On Friday July 16, 2021, I was awakened at 3:30 a.m. by the wailing of a klaxon horn and the following words:
“May I have your attention please. An emergency has been reported in the building. While this report is being verified, please leave the building using the exit stairways – do not use the elevators, use the stairways only; do not use the elevators, use the stairways only.“
First a little history of how I got to this point: Joanna and I moved to Florida in 1998 with the idea that I’d work for a few years and then retire – the plan was working. We bought a home in Tampa; I worked full-time for a year and then gradually slipped into full retirement after working part-time for several more. In 2010, Joanna passed away. The house we shared suddenly became too big and too quiet. I sold it and moved to Tampa’s downtown. I lived on Harbour Island, which sits across a small channel south of downtown, for the first 5 years and then moved into an apartment on the 30th floor of The Element (photo below), a high-rise in Tampa’s arts district. I like the location of the Element, but also like to move every 5 or so years. About 8 months ago, I moved from the 30th floor (marked with a yellow X in photo below) to a unit on the 8th floor – I got the change of scenery that I desired, but kept the location. Enough history and back to that rude awakening.
I looked out at the street below and saw all manner of emergency vehicles and tenants milling about. I threw on some clothes, went into the kitchen and started to exit the unit. As I walked to the door, I realized I was standing on some very soggy carpet. My 8th floor unit has direct access to the garage and, as such, it has a private hallway between the actual unit and the garage. As I passed through that hallway, I noticed about a half inch of water covering the tiled floor. As I entered the stairwell, I saw and heard water rushing down from the upper floors – a literal waterfall! I quickly took the eight flights down and out of the building.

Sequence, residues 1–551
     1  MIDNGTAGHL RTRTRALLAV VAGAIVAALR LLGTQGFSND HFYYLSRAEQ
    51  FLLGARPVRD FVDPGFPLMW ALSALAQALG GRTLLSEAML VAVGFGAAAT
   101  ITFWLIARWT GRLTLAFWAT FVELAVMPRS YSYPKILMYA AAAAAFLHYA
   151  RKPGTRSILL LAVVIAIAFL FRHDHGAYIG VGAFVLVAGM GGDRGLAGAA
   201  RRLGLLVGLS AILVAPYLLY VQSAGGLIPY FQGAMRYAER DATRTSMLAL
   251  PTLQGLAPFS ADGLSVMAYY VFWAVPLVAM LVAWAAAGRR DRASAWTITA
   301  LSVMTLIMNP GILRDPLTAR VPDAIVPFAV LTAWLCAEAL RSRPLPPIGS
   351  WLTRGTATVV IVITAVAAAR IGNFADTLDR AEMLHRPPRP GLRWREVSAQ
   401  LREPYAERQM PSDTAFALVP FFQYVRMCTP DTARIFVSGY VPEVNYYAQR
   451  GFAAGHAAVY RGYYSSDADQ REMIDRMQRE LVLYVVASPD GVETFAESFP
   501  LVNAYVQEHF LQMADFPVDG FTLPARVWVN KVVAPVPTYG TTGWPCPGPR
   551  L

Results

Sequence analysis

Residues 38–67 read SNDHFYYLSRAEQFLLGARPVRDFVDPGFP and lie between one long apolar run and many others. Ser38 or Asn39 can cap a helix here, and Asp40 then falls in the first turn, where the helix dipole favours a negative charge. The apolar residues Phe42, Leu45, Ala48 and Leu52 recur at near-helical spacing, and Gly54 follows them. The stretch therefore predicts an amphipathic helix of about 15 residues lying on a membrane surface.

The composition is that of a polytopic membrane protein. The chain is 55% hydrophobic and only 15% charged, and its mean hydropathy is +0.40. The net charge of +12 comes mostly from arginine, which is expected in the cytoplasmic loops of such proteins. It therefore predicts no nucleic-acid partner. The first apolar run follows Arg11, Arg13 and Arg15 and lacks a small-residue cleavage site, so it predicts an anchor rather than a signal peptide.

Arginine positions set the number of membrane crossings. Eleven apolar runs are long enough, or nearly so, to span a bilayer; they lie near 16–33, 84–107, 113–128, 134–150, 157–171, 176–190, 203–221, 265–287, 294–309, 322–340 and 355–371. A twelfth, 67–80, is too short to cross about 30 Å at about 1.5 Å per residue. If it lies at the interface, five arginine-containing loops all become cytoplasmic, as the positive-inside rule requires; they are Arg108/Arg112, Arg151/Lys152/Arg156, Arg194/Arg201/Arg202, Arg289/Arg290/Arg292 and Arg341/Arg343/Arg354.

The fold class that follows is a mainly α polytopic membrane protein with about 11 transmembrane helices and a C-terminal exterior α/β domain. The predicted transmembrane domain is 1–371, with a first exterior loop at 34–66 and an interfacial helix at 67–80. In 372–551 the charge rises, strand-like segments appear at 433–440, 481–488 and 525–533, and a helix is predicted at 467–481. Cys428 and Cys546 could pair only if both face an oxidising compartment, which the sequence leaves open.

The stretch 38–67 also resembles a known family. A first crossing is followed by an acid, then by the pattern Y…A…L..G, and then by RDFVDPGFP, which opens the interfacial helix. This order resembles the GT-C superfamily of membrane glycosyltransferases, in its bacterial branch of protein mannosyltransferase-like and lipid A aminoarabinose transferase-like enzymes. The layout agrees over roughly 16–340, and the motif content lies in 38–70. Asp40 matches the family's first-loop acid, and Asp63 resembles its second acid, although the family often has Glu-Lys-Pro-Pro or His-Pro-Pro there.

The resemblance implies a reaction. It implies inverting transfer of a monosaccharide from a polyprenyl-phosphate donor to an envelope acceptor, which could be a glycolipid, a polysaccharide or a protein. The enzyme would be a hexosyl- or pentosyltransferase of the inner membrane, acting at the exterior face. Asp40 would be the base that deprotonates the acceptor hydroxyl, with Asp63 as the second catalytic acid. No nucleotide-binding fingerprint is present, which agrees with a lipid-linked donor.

I spoke to several tenants on the street. I learned that those on the 27th and 12th floors seemed to be more severely impacted than I. I later learned that the building water-handling equipment, whether it be pumps or pipes or mains carrying the water, had failed on those two floors. One tenant told me she stepped off her bed into water several inches deep and watched her shoes floating in her bedroom! Another tenant shared a video of water pouring out of his kitchen’s overhead light fixtures.
Probably not the smartest thing in the world: I decided to re-enter the building and climb up the relatively short 8 flights. I did this mainly to see if there was more damage to my unit; to get as much of my personal items away from the water as I could and to gather some items if we had to abandon ship. I learned that floors above 27 were not impacted. What if I hadn’t moved from the 30th to the 8th?